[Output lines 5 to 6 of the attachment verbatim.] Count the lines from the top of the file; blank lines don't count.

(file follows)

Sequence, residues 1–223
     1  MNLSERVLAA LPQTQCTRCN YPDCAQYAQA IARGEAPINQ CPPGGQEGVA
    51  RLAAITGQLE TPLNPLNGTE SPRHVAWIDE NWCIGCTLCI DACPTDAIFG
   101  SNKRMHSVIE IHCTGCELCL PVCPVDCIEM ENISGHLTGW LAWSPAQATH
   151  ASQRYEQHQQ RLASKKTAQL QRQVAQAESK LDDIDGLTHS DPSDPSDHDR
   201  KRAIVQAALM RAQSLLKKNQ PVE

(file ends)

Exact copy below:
   151  ASQRYEQHQQ RLASKKTAQL QRQVAQAESK LDDIDGLTHS DPSDPSDHDR
   201  KRAIVQAALM RAQSLLKKNQ PVE